Tag Archives: Liberace

Through the eyes of Tom Ford: Pride 2014

26 Jun
Tom Ford by Helmut Newton

Photograph by Helmut Newton. Published in Vogue, March 1999.

With Toronto hosting World Pride this year, I feel that much more inspired to celebrate the powerful gay icons that have shaped our world. I spotlighted Freddie Mercury in 2012, Liberace in 2013, and for 2014, the focus is on the clothing, detail, luxury, and the daring of Tom Ford.

Tom Ford is a man who personifies BOLD not only in his clothing designs but in his business dealings. Before launching his own menswear label in 2007, he spent ten years as Creative Director for Gucci and brought them from near bankruptcy to $3 billion a year in sales. He is aligned with Estee Lauder for the Tom Ford Beauty Brand, and he counts 98 retail Tom Ford stores in the world among many other achievements.

American Vogue‘s editor-in-chief, Anna Wintour, says Ford has an uncanny way of conveying the same three core themes: sex, power, and divine decadence. “I don’t think I have ever worked with anyone with a greater passion for detail or a clearer vision of his aesthetic goals,” she says.

Ford is a powerhouse of talent that goes beyond fashion design. In 2009, he directed and co-wrote the screenplay for  A Single Man, a tale of gay angst in the early 1960s, starring Colin Firth and Julianne Moore. I recommend it; it’s tasteful and interesting, but tragic.  Ford’s debut film won many awards and Firth received an Oscar nomination for best actor.

He is incredibly talented and successful; a billionaire with enormous power in the fashion industry, and audacious as all hell. Tom Ford does what he wants and he does it well, otherwise he wouldn’t carry clients like Johnny Depp and Daniel Craig. Yet with all that going for him, with all the success and power and wealth, Tom Ford remains human.

Images of beauty 

Ford studied architecture before he turned to fashion and understands how to build things. He uses geometry in his designs and creates sensuous lines and angles in magnificent, often textured, deeply coloured fabrics in his menswear collections.

He seems to have an inborn sense of balance and opulence and learned about fashion through his mother and grandmother. “My mother was very chic, very classic,” he recalls in an interview with Biography. “My paternal grandmother was very stylish in a very Texas way—everything big and flashy, from jewelry to cars.”

Tom Ford jackets

Note the gorgeous geometry of Ford’s jacket lapels and the sumptuous fabrics and colours.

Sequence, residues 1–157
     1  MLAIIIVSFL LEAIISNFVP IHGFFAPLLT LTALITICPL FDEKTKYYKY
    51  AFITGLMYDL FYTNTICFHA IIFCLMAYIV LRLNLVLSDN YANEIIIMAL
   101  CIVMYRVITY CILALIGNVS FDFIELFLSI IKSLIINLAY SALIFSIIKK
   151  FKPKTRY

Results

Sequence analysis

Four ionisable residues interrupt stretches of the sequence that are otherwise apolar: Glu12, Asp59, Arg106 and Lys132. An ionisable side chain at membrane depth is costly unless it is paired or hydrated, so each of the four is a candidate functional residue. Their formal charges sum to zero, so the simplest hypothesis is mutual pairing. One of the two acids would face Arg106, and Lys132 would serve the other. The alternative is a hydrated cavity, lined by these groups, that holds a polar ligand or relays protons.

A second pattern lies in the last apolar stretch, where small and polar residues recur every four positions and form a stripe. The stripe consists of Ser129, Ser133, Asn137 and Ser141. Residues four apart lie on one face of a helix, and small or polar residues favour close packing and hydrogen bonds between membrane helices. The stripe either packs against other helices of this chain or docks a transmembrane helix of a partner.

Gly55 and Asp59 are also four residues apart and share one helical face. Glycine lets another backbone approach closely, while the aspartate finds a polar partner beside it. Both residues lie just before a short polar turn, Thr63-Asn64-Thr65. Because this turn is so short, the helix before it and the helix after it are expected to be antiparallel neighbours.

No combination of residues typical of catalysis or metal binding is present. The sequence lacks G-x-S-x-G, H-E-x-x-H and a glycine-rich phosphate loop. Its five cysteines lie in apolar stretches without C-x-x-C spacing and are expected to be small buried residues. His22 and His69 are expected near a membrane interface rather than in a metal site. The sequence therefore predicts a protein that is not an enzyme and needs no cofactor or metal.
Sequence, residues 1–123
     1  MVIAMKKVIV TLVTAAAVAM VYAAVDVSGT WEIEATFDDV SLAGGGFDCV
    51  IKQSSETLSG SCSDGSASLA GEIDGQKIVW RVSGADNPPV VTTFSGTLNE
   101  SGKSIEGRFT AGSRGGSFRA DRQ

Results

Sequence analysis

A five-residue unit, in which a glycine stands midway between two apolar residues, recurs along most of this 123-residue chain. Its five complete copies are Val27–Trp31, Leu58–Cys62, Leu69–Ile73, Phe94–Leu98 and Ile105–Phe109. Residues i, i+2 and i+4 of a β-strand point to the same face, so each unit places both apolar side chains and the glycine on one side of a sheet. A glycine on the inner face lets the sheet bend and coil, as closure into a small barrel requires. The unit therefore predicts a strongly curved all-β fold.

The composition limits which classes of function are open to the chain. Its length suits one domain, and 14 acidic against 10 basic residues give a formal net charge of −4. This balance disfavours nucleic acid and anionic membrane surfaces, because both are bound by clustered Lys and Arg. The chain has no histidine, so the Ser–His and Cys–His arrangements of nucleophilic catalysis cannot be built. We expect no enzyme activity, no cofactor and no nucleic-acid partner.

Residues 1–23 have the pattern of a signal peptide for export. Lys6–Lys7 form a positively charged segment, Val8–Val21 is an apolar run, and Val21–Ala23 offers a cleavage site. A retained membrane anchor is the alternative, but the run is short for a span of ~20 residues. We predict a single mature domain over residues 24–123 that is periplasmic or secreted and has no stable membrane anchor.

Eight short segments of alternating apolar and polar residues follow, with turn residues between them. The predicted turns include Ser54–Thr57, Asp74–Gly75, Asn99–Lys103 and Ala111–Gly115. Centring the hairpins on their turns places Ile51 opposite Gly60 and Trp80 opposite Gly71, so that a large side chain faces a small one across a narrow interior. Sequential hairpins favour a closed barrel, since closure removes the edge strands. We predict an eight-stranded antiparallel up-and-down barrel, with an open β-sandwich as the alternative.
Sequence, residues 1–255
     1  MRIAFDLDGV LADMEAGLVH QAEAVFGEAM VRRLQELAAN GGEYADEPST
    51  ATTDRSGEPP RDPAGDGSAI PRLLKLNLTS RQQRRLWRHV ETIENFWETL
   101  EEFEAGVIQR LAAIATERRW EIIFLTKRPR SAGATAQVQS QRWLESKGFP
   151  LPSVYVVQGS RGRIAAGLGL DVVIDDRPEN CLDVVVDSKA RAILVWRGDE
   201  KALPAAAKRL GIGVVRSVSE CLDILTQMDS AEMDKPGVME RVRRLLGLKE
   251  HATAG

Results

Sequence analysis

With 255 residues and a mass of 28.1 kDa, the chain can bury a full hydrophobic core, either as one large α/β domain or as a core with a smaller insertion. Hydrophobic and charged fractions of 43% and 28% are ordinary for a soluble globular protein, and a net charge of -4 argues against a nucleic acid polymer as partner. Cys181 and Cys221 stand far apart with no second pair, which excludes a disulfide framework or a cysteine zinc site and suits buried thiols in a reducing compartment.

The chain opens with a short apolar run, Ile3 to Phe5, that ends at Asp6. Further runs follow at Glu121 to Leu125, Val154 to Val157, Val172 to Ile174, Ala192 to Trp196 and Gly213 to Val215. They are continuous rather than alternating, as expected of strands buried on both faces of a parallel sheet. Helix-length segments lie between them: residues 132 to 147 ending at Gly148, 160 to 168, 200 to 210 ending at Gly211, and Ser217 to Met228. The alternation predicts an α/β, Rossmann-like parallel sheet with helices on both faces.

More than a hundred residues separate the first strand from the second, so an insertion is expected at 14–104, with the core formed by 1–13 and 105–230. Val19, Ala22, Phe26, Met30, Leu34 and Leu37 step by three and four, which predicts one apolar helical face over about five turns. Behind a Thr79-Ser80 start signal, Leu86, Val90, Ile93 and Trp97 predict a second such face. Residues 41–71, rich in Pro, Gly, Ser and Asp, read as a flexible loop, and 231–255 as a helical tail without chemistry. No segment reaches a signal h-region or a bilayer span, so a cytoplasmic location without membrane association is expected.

“The images of beauty you get in your childhood stick with you for life,” Ford explains, “So there’s a certain flashiness at Gucci—Texas-inspired—with a certain Western feel.”

When asked if Texas has influenced his designs, Ford tells FDLuxe,  “I have certain notions of glamour that I never lost… I like a heel on a boot. I feel better with a heel. That Texas taste—big hair and a lot of makeup—was my first notion of beauty. And I have to say, to this day, I still have a thing for big hair.”

The big, bold, and flashy was woven into Ford’s designs for Gucci and used in his own menswear line. The casual luxury of his Western-inspired spring/summer 2015 collection is comprised of suede jackets with tasselled sleeves, jeans, denim shirts, and jean jackets–a far cry from his iconic suits and shirts, dapper enough for 007 himself.

“What we wanted to do was to expand sportswear so that our customer has something to wear for every occasion of his life,” he says of the collection.

Ford uses bold and unexpected colour in his menswear collections, and in his current men’s line, pink, lilac, and ocean blue jackets are paired with white shirts and trousers. Coming up for fall/winter 2014, blacks, greys, creams, and earthy colours mixed in with  beautiful violets and royal blues in cotton-silk Jacquard and velvet cocktail jackets.

Tom Ford the human

Despite what we might think a billionaire designer who caters to high-end clients like Jay-Z, Kanye West, and Drake might be like, Tom Ford is a regular person.

I spoke to former model, Patrick Marano, now husband and manager to gay media mogul, Shaun Proulx, who posed for a 2005 Tom Ford sunglasses campaign.

“The shoot was in L.A. Poolside,” Marano recalls, “At the break Tom came and ate with us. He was very down-to-earth and friendly. And of course he looked great, impeccably dressed.”

Ford is a real person; he’s sensitive and romantic, and he loves to be in love and be in a relationship:”I’m someone who likes being part of a couple and always wanted that and always sought that,” he says, “And it would probably be true for me whether I was gay or straight.”

When Ford saw his long-term partner, Richard Buckley, the former Editor-in-Chief of Vogue Hommes International, at a fashion show in 1986, it was love at first sight. More than twenty-five years along, Ford and Buckley married this past spring and welcomed their son, Alexander John Buckley Ford (Jack), into the world in 2012. Ford has proved to be a devoted partner and father.

“I feed Jack, I dress him, I change his diaper, and I have a good two or three hours with him every morning, just me and him.” Ford says, “At night, again, I put him to bed and try to spend as much time with him as possible.”